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Music from around the globe

Music from around the globe — We pick the best from the Earthbeat! label

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Music from around the globe

Growing a perfect child? World music should be on your list. The music of other cultures increases a kid’s tolerance, broadens his knowledge, and helps him understand his heritage. At the least, it makes his parents feel better if they live in the suburbs of the global village.

To this end, Music for Little People started the Earthbeat! label in 1989. Earthbeat! is music from cultures around the world, packaged with the best liner notes I’ve seen.

This is interesting music, but it’s not Raffi. Children will rebel if force-fed these collections, but may undulate softly to their rhythms if exposed casually, say at dinner, over something exotic, like a turkey burger. All selections are available from Music for Little People.

* Africa, Vol. 1 The Machete Ensemble Africa’s six numbers mix conch shells and congas with electric basses and synthesizers. The result is Afro-Cuban jazz with a Latin influence. Think of Gloria Estefan singing to a rumba beat — in Swahili. ”Shadow” and ”Medicine Man” are lush instrumentals that conjure up humid jungles; ”Africa” is a gorgeous, politicized anthem that manages to mix a rumba with the French national anthem. If ”Africa” had been around when Casablanca was made, the famous ”Marseillaise” scene would be even more memorable. A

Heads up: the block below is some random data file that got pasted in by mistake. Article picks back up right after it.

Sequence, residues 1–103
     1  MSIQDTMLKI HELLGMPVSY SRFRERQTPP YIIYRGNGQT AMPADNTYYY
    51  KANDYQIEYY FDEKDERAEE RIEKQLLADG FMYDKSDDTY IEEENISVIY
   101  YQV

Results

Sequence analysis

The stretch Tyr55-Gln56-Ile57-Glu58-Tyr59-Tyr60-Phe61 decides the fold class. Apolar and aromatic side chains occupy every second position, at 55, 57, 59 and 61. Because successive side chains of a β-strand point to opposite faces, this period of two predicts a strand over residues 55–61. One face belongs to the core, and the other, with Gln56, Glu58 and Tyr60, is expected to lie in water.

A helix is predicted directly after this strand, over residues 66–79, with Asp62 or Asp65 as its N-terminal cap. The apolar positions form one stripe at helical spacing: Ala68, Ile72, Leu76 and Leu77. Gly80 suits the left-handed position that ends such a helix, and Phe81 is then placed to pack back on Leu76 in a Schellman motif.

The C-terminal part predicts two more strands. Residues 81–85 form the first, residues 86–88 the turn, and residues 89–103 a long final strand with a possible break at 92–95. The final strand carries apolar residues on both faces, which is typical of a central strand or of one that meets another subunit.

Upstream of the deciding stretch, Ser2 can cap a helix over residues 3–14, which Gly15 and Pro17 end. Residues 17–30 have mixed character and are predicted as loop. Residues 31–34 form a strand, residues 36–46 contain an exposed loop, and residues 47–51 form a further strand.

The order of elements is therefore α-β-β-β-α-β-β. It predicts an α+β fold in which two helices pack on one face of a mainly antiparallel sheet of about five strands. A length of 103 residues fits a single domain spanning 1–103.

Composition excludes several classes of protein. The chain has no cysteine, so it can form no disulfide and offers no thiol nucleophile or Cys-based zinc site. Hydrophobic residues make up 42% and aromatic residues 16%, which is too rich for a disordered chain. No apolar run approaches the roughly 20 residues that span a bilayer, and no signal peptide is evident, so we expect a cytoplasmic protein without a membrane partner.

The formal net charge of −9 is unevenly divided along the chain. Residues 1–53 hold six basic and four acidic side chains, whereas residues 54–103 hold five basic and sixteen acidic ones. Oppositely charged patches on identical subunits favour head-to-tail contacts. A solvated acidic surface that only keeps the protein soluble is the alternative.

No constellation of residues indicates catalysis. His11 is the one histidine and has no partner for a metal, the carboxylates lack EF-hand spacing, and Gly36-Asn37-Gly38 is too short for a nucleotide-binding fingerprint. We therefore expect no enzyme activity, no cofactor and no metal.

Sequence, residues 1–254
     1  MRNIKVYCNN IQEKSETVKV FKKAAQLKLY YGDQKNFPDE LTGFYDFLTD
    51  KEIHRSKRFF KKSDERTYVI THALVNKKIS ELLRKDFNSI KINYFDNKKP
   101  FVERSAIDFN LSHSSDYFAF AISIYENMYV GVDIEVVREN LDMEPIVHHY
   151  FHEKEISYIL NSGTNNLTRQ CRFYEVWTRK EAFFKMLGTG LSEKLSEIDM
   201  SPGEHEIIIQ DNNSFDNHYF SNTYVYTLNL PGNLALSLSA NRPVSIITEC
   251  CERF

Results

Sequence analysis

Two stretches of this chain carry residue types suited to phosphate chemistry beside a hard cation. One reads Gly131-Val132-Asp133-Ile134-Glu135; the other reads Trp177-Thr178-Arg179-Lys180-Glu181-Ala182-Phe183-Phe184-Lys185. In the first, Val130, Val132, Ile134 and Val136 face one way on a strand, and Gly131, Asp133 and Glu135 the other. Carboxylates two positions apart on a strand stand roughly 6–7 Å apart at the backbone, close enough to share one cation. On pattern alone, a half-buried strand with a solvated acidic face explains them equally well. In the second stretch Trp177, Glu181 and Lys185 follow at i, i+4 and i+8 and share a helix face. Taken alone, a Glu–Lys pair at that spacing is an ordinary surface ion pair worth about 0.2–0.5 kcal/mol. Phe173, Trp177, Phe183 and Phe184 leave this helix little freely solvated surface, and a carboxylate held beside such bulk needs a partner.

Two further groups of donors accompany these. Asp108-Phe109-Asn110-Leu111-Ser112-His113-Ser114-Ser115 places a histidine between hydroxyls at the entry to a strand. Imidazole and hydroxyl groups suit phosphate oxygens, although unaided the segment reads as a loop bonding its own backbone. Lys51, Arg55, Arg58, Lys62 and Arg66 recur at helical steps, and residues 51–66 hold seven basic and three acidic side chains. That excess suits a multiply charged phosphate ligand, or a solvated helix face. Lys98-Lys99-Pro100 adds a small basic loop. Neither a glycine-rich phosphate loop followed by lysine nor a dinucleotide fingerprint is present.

* Folk Music From Northern & Eastern Europe Nisava Nisava’s 12 numbers are Scandinavian, Bulgarian, and Macedonian in origin: All evoke vague images of women in kerchiefs. ”Graovsko” is Bulgarian, features an accordion, and made me think ”bumblebees.” ”Ludo Kopano” made me think ”bumblebees caught in screen.” ”Galaxiotissa” didn’t make me think ”girl from the town of milk and vinegar,” but that’s what it means in Greek, according to the liner notes. Impenetrable but pretty. A-

* Angel’s Draught Carrie Crompton with the Barolk Folk Here are 15 Scottish, Irish, and French jigs and dances: my ethnic roots. I hoped for visions of dead relatives as I listened to such lively numbers as ”The Road to Lisdoonvarna.” Instead, I had visions of soap: Much of Draught could be the soundtrack of an Irish Spring commercial. A-

* Okropong: Traditional Music of China Obo Addy Seven selections, some never recorded before, performed by Ghanian drummer Obo Addy, who, judging from the effusive liner notes, is evidently the Elvis of Ga music. The instrumental ”Sounds From the Woods” is relaxing, something to pack in your Lamaze bag. Ghanians play the peppier ”Oge” songs at weddings and funerals. Sample lyric: ”I am an onion, I am trouble.” Unfortunately, these lines are sung in the Ga language. B+

* Jazayer Jazayer plus Ali Jihad Racy Ten Middle Eastern melodies recorded mostly by Americans and engineered by Grateful Dead drummer Mickey Hart. I played Jazayer to an adult car- pool audience in a rush-hour snowstorm. ”Belly dancers,” they said. And ”I find this boring, but I found Ravi Shankar boring, too.” Maybe it was the snow. Or maybe Jazayer lacks charisma. But if you want to learn about the qanun (a 70-string zither), it’s your cup of goat’s milk. B-